Why You Shouldn’t Establish a Company in the Philippines

Why You Shouldn’t Establish a Company in the Philippines

Large enterprises have been reaping the benefits of outsourcing or offshoring to lower-cost countries for many years. Smaller companies wanting access to the same resourcing strategies often don’t know where or how to find a trusted partner. Thinking the easiest and safest option is to establish their own presence in the Philippines leads them down an expensive and complex path, filled with bureaucratic and cultural obstacles.

If you are considering opening your own company in the Philippines, here is what you should know.

Establishing a Company Is Difficult

Before you can open the doors on your Philippine operation, you need to be registered with the Security and Exchange Commission (SEC). There is a myriad of options for this process – are you an ROHQ or is PEZA best? A Branch Office or a Domestic Company? Just getting advice on the options chews up time, money and energy. The best way to expedite the process is to use a law firm with “runners” who visit the SEC every day to follow up on applications. Note that you will need resident and/or Filipino shareholders for any company you establish.

The complexity in setting up a corporate entity has placed the Philippines at 171st in the World Bank’s “Doing Business” rankings.

While the report states that it takes an average of 29 days to get a business permit, frequent changes in the processes and the volume of work that the agencies are processing impact this. Yempo’s business permit took almost 6 months to finalise.

The tasks required to establish a company in the Philippines include:

  • Verify and reserve the company name with the Securities and Exchange Commission (SEC)
  • Open a temporary trading account at the bank. The requirements for opening a bank account prior to SEC registration are in constant flux.
  • Deposit the paid-in minimum capital at the bank.
  • Notarize articles of incorporation and treasurer’s affidavit at a notary
  • Register the company with the SEC
  • Pre-registration for Taxpayer Identification Number (TIN),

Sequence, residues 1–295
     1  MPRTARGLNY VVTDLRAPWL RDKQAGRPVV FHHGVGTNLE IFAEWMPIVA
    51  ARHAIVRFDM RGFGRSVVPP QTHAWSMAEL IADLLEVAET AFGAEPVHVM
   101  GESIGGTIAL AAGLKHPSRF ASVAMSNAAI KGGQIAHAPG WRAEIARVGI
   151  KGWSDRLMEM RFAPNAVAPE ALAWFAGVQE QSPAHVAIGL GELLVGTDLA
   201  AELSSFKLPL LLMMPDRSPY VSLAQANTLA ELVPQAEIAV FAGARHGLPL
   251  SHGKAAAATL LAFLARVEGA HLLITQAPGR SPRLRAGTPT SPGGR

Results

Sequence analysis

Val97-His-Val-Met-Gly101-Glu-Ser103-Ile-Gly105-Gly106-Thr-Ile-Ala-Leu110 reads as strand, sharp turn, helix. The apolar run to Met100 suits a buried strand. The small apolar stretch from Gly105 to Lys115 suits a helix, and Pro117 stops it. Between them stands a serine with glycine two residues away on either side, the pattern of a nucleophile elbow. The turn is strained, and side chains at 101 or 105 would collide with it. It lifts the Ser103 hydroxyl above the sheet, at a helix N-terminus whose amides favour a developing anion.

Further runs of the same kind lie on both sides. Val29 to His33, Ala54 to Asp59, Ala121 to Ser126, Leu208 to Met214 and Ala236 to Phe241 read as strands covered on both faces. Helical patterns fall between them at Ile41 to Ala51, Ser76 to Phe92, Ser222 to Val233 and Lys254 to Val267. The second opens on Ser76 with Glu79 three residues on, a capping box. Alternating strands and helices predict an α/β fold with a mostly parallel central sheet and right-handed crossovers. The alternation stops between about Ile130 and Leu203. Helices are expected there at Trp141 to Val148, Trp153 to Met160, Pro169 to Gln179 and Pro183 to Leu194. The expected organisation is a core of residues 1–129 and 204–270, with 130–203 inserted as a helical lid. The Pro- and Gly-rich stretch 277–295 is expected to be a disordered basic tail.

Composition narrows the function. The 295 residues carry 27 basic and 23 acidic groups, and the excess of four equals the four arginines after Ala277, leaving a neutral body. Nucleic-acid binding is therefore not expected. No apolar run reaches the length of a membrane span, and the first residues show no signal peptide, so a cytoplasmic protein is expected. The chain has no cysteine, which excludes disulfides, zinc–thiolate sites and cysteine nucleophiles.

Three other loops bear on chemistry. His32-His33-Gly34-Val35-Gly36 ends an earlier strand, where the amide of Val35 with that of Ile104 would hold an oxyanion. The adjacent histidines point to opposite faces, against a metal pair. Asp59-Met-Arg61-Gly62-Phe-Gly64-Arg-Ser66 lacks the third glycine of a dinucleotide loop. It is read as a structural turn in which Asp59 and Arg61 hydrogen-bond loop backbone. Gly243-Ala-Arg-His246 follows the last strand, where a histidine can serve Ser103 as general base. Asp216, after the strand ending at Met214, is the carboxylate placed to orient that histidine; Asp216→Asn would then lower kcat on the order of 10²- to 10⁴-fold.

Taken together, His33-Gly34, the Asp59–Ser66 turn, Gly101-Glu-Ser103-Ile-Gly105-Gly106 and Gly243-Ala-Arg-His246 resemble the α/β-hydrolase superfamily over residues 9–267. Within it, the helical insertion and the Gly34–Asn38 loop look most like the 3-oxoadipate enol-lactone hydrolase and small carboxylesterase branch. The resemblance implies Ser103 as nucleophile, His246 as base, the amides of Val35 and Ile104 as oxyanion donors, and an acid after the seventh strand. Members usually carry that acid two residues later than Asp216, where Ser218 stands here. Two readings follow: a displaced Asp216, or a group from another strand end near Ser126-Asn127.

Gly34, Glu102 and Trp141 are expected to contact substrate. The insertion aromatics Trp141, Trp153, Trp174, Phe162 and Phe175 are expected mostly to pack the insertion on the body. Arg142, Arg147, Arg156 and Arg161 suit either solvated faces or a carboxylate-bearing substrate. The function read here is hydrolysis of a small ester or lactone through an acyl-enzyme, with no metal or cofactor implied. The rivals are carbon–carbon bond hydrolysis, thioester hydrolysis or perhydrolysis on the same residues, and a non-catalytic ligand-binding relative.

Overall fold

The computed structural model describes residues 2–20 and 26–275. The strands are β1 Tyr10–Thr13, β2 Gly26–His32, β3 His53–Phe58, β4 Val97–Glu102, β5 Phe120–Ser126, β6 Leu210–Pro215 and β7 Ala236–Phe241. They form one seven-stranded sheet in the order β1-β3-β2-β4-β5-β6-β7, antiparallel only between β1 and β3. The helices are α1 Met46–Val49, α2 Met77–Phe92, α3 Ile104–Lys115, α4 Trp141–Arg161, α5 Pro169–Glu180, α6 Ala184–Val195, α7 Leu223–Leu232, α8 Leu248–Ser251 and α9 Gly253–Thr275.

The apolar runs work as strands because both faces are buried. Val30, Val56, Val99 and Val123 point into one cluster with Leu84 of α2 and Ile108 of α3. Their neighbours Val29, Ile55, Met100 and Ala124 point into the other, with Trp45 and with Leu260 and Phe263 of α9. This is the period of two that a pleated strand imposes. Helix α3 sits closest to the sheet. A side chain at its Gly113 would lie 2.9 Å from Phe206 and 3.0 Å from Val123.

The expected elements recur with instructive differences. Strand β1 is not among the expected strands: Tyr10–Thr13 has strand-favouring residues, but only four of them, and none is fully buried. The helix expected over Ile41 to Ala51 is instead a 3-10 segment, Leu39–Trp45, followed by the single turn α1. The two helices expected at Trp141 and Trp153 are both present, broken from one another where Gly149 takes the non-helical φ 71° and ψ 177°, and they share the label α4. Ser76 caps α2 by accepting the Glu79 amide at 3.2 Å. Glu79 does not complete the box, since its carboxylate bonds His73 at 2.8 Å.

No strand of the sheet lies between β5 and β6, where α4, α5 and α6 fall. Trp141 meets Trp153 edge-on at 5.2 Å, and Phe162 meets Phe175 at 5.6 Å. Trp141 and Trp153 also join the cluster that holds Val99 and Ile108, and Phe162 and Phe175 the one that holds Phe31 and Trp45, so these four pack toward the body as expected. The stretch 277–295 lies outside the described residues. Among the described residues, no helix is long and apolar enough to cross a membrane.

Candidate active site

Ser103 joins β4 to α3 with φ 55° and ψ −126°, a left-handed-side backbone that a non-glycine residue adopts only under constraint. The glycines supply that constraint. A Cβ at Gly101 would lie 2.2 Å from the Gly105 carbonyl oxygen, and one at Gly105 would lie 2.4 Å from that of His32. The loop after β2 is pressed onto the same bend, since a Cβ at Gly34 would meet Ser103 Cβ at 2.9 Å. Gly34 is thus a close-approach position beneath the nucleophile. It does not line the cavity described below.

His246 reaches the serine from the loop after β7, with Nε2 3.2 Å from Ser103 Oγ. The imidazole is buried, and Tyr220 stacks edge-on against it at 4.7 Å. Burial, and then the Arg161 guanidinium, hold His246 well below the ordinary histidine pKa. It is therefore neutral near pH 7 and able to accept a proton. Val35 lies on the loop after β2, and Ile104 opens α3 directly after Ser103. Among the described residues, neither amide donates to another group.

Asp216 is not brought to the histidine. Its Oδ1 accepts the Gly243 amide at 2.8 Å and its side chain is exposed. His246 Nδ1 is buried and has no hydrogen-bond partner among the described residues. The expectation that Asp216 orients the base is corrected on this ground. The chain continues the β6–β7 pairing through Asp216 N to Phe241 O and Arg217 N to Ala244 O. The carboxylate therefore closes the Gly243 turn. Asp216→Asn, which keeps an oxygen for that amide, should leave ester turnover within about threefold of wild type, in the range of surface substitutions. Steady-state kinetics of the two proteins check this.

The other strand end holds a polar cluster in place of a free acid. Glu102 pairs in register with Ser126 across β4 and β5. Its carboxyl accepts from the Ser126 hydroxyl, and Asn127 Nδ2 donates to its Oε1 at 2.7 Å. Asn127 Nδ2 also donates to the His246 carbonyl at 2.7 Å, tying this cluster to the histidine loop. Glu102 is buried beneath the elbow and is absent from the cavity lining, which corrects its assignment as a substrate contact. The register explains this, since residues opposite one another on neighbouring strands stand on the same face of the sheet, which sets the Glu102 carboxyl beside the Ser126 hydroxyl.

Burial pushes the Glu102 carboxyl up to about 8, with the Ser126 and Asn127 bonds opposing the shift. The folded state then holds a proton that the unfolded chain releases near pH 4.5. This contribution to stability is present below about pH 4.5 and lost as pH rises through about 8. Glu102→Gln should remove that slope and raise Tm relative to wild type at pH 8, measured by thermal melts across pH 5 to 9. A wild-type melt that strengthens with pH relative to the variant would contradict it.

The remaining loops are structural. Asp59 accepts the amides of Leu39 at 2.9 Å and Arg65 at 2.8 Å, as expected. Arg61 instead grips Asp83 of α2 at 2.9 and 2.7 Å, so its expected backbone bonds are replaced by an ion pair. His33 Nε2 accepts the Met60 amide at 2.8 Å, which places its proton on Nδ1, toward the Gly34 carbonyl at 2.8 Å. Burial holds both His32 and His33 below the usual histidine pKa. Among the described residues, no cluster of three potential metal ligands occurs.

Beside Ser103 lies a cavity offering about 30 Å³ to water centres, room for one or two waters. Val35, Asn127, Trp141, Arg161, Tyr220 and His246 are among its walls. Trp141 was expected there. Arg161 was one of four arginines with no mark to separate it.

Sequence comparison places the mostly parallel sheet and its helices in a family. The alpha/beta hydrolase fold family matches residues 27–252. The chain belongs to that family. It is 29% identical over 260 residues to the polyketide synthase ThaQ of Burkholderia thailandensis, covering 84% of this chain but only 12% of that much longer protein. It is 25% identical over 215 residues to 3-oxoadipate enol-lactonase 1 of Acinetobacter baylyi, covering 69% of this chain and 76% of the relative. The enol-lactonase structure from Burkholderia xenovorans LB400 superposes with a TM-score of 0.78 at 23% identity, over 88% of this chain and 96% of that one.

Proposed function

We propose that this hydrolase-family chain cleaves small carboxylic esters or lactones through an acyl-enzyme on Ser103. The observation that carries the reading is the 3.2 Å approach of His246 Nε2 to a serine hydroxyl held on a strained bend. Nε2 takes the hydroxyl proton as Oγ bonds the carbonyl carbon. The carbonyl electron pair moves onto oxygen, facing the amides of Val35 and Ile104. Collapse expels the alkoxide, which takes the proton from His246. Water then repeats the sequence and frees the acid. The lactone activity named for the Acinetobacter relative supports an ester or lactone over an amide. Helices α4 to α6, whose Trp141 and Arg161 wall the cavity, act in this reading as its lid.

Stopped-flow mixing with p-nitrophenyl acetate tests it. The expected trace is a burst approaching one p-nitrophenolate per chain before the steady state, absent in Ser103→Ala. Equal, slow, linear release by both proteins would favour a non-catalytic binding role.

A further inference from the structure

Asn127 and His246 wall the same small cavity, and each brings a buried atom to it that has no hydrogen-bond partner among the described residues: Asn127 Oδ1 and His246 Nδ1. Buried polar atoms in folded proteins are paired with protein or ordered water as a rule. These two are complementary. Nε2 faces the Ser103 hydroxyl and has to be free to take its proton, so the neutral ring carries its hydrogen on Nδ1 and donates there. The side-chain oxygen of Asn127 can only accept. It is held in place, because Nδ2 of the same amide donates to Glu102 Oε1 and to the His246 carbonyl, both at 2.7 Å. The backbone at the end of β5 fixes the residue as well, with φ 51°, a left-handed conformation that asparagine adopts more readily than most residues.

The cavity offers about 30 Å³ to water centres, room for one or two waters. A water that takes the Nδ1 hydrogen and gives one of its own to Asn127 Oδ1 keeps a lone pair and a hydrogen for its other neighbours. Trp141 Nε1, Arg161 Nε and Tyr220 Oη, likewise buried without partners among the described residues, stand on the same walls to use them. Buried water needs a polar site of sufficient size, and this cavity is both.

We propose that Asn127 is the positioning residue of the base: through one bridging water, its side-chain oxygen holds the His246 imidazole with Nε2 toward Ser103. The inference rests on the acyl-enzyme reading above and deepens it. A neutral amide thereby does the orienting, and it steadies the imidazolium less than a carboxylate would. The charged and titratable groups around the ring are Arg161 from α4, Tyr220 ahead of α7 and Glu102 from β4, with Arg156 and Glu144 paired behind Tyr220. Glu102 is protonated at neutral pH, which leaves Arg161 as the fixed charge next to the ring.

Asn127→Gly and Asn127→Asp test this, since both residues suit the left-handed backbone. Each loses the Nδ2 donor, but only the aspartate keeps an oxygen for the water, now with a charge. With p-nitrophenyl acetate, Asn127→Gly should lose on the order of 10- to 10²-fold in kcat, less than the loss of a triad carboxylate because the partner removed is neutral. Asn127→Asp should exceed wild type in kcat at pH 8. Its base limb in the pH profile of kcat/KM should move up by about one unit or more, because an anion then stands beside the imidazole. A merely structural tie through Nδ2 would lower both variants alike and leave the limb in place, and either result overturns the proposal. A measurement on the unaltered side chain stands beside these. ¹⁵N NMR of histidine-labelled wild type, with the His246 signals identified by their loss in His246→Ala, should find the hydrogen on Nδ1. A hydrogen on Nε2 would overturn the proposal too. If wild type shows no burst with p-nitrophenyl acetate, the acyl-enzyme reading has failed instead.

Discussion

• Pre-registration for Security System (SSS),
  • Pre-registration for Philippine Health Insurance Company (PhilHealth), and
  • Pre-registration for Home Development Mutual Fund (Pag-ibig Fund).
  • Obtain barangay clearance. A barangay in the Philippines is like a local council or district
  • Pay the annual community tax and obtain the community tax certificate (CTC) from the City Treasurer’s Office (CTO)
  • Obtain the business permit to operate from the Business Permits and Licensing Office
  • Obtain fire safety and inspection certificate
  • Obtain sanitary permit
  • Obtain occupancy certificate
  • Purchase special books of account at bookstore
  • Apply for Certificate of Registration (COR) and TIN at the Bureau of Internal Revenue (BIR)
  • Pay the registration fee and documentary stamp taxes (DST) at the Bureau of Internal Revenue
  • Obtain the authority to print receipts and invoices from the BIR
  • Arrange printing of receipts and invoices at the print shop
  • Have books of accounts and Printer’s Certificate of Delivery (PCD) stamped by the BIR
  • Final Registration with the Social Security System (SSS)
  • Final registration with the Philippine Health Insurance Company (PhilHealth)
  • Final registration with Home Development Mutual Fund (Pag-ibig)

Running a Company is Time Consuming and Expensive

There are 10 indicators used to measure the ease of doing business in the Doing Business ranking which placed the Philippines at 99th. This is worse than its 95th ranking in 2015 and 86th in 2014.

Other difficulties which affect the overall score are the ranking of 115th for Paying Taxes and 95th for Trading Across Borders.

There are almost 50 tax payments to make each year which consume on average 200 business hours to process. Employee tax requirements are the highest load with corporate income tax and VAT taking the longest time to process.